Smart cyclists learn which parts are likely to break, and which parts are likely to last. Companies making parts which break will eventually get a bad reputation, which will be bad for their business.
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#5
you must just be buying low grade pedals. They do make make decent quality "resin" pedals. However on should never really skimp when it comes to pedals, they can make or break the way the bicycles feels while riding. your use of terms make things a tad confusing because the do not make plastic cranks, they do make stamped steel chainrings rivited together that have a plastic disk to make them look nicer and some to act as a guard. steel rings do not typically break off teeth. They may have different size teeth used as shift points that may appear to look bad to a non mechanic unfamiliar to parts design. Part of the reason I ask for clear photos of all that you have. I have never heard of Avanti bicycle parts myself.
There are two kinds of people in the world, "Those who help themselves to people, and those who help people!"
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#6
(12-04-2022, 03:36 PM)Painkiller Wrote:  you must just be buying low grade pedals. They do make make decent quality "resin" pedals. However on should never really skimp when it comes to pedals, they can make or break the way the bicycles feels while riding.

With some people, when something breaks on their bike, they order the ideal parts online, and wait 2 months to get it. I like to fix my bike as quickly as possible, so I can ride it again. So I look for what I can buy here and now. If all I can find is plastic pedals, that is what I buy. I mentioned above that there are some nice aluminum pedals in a shop, but they are very thin, which suggests the axle is thin, and maybe not very strong. Maybe the axle is made of harder steel, and the pedals will last a long time. Plastic pedals are a lot cheaper, so I tried them first.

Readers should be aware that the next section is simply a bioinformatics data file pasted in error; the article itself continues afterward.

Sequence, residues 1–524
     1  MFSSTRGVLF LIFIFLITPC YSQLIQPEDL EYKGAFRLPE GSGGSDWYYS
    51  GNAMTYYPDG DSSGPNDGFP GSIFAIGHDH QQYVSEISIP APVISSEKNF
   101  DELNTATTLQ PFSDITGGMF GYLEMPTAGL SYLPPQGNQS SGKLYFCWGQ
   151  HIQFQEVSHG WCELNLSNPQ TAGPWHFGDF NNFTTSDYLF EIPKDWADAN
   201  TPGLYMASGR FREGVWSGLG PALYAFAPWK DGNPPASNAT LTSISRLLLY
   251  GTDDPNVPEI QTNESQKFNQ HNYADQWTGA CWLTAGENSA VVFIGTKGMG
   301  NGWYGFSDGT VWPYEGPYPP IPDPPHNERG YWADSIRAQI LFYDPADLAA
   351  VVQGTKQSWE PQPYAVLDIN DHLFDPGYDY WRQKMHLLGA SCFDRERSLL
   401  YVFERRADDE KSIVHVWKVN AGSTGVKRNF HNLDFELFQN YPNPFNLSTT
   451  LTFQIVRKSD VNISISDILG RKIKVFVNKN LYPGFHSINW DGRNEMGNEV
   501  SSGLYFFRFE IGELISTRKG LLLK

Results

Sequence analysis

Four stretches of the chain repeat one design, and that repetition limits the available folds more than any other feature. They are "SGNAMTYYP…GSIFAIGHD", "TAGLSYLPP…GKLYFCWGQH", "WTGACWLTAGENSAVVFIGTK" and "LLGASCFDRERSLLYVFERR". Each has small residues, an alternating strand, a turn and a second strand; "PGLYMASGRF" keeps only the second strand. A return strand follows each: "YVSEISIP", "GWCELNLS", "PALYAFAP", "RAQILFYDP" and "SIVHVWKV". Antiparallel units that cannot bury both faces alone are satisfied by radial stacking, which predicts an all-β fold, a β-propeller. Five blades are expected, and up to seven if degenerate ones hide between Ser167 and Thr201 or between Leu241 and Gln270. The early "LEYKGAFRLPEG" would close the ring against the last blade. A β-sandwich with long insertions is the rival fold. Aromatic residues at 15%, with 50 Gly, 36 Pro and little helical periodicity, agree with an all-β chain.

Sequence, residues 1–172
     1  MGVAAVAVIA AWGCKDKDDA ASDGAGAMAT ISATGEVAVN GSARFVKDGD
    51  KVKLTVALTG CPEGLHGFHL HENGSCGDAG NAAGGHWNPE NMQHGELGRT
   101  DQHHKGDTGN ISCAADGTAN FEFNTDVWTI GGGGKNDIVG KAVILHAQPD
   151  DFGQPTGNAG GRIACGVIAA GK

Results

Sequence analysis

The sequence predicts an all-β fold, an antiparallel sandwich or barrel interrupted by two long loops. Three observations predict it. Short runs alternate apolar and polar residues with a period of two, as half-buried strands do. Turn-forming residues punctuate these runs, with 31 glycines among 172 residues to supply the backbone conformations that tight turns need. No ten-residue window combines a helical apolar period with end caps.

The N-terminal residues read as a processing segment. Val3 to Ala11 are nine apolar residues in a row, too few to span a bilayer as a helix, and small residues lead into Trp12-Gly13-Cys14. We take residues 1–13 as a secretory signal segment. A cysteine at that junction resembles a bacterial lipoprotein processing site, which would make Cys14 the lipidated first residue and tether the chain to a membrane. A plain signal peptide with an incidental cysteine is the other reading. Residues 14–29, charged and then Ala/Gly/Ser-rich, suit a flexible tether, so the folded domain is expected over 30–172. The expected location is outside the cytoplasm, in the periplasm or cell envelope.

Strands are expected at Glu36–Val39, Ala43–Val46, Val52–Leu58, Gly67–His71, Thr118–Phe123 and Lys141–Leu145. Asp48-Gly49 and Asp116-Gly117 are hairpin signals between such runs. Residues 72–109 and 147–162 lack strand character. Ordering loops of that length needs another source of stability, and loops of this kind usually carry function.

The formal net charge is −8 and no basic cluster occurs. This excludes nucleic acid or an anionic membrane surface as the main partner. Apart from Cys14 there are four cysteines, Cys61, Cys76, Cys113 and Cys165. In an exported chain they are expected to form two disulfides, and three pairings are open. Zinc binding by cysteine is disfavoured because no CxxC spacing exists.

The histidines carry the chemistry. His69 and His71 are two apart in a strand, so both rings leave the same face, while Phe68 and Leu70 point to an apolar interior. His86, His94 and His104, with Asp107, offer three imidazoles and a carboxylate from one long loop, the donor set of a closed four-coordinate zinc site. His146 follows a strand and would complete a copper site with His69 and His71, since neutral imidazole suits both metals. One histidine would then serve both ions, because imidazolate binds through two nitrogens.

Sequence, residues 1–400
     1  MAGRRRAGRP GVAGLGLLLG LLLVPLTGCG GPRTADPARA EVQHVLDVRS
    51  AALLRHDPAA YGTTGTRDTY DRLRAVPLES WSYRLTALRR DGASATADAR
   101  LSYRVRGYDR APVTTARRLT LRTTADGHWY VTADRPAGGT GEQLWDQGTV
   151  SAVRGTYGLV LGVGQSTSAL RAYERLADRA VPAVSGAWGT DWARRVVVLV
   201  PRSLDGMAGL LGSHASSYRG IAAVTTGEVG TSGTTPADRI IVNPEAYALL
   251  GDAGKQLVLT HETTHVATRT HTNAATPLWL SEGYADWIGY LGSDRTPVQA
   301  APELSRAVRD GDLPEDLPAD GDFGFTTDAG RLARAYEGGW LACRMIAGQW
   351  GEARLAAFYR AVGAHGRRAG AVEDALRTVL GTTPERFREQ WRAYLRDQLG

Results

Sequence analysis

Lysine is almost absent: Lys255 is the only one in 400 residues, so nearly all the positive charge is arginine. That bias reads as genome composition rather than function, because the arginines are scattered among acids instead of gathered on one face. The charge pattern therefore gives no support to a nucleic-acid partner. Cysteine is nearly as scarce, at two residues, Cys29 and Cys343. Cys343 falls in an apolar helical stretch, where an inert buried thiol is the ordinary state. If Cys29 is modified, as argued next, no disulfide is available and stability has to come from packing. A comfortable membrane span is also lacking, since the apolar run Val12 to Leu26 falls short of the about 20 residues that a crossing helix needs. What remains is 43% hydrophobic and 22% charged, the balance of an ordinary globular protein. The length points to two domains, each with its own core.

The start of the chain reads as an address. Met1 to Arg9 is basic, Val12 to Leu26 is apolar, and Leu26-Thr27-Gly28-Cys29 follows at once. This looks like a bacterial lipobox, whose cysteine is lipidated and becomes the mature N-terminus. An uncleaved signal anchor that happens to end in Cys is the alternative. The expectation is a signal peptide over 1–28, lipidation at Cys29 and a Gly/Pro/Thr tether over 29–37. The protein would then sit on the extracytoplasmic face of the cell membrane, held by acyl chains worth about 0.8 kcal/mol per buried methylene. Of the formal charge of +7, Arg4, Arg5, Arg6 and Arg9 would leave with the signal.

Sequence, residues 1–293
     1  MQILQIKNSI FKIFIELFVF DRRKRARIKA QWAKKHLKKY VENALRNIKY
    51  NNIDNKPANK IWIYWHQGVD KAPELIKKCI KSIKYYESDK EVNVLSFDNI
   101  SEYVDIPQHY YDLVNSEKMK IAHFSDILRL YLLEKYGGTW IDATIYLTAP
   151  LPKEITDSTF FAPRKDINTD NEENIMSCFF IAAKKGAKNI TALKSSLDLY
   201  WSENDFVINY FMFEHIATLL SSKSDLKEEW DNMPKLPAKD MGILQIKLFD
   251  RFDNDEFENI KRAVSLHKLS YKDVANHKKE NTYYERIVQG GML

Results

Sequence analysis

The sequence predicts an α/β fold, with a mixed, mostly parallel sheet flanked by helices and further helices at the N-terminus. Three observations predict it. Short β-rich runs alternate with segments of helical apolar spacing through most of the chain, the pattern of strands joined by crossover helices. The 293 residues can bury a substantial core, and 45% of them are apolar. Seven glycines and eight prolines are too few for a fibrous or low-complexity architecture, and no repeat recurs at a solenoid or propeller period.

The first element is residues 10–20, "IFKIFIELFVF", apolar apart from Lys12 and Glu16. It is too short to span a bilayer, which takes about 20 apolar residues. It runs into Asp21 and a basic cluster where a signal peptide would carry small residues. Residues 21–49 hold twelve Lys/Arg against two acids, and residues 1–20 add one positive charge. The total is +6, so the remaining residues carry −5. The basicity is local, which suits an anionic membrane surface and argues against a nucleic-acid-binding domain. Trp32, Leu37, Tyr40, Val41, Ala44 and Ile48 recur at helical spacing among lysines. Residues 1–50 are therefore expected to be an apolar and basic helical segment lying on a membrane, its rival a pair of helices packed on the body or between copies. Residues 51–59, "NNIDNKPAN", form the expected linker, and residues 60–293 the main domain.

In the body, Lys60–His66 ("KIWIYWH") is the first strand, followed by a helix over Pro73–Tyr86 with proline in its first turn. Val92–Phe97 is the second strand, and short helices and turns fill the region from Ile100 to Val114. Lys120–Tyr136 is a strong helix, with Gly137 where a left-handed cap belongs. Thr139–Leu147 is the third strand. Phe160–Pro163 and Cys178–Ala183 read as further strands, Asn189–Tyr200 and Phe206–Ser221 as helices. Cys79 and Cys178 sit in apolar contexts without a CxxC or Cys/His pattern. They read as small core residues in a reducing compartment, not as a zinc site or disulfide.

I do some riding on rough tracks. There have been times when pedals have hit rocks. If a cheap pedal gets smashed on a rock, it is not expensive to replace.

I am getting fitter, and riding longer distances. So bike parts are wearing out quicker.

I am larger than many cyclists. Some of the parts I have broken, would not break with a smaller rider.

I am also going through a learning curve. A few years ago, bike parts did not break like they do now. I am learning what parts are tough, and what parts break quickly. Certain things I wont buy again.

(12-04-2022, 03:36 PM)Painkiller Wrote:  your use of terms make things a tad confusing because the do not make plastic cranks, they do make stamped steel chainrings rivited together that have a plastic disk to make them look nicer and some to act as a guard. steel rings do not typically break off teeth. They may have different size teeth used as shift points that may appear to look bad to a non mechanic unfamiliar to parts design.

My old chain ring did have teeth broken off or worn off.

They do make plastic cranks. Maybe you would call it resin or something else. They have a thin piece of steel up the middle. Very thin. The steel in the middle acts in tension, and the plastic acts in compression.

(12-04-2022, 03:36 PM)Painkiller Wrote:  Part of the reason I ask for clear photos of all that you have. I have never heard of Avanti bicycle parts myself.

I have had poor quality parts with Shimano written clearly on them, and now this with Avanti written clearly on it. I can't say for sure these are not fake parts, and have just written the Shimano or Avanti name on them. There are definitely some fake parts being made and sold.

I have not taken photos yet, and I am not sure it is important. It would show how thin the steel is in the middle of the plastic crank, which would shock a lot of people. If people just don't buy plastic cranks, problem solved.
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#7